Thursday, November 24, 2011

[Broadcom] Frequently Asked Questions

| Wireless Driver & Software

What types of antennas are best for extending the coverage of an 802.11 network?

There are several types of antennas can extend the range of 802.11 devices. Depending on your physical environment network and where you want additional coverage, you can choose from the following types of antennas:

  • Omni directional – extends coverage in a 360 degree radius
  • Planar – typically extends coverage in a 180 degree radius
  • Directional – available in varying areas of coverage, including 30, 60 or 90 degrees

Antennas are rated by the amount of gain they provide. In general, the higher the gain, the better the range. However, there are several other considerations when buying an external antenna. Selecting an antenna made by the same manufacturer as your router is usually the best option, but you must make sure that your specific model supports external antennas. You should also select an antenna that has the right type of cable connection for your equipment, such as USB or serial bus.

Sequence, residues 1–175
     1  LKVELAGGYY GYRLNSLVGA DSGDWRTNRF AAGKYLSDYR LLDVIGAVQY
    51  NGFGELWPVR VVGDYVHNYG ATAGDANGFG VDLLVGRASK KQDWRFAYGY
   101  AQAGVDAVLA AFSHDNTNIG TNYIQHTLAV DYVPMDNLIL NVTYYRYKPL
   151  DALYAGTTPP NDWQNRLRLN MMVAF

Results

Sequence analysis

My wireless connection drops frequently. What can I do?

Wireless connections are often susceptible to connection instability. Here are some of the common reasons for dropped wireless connections and some possible solutions:

  1. Weak signal – Your wireless device is too far from the router, or there is too much material (walls, elevators, etc.) in between.

    • Move closer to your router or away from dense objects

    • Adjust the antennas on your router

  2. Interference – Using other devices on the 2.4GHz spectrum (cordless phones, microwave ovens, Bluetooth devices, or other Wi-Fi networks) can cause performance and connection problems.

    • Move your wireless devices away from the interference sources

    • Do not use your device when the interference sources are in use

    • Set your network to a channel that has less interference

  3. OS problems – There have been some reported problems with Winsock on Windows XP machines that cause connections to drop frequently. Visit the Microsoft Knowledgebase for more information.

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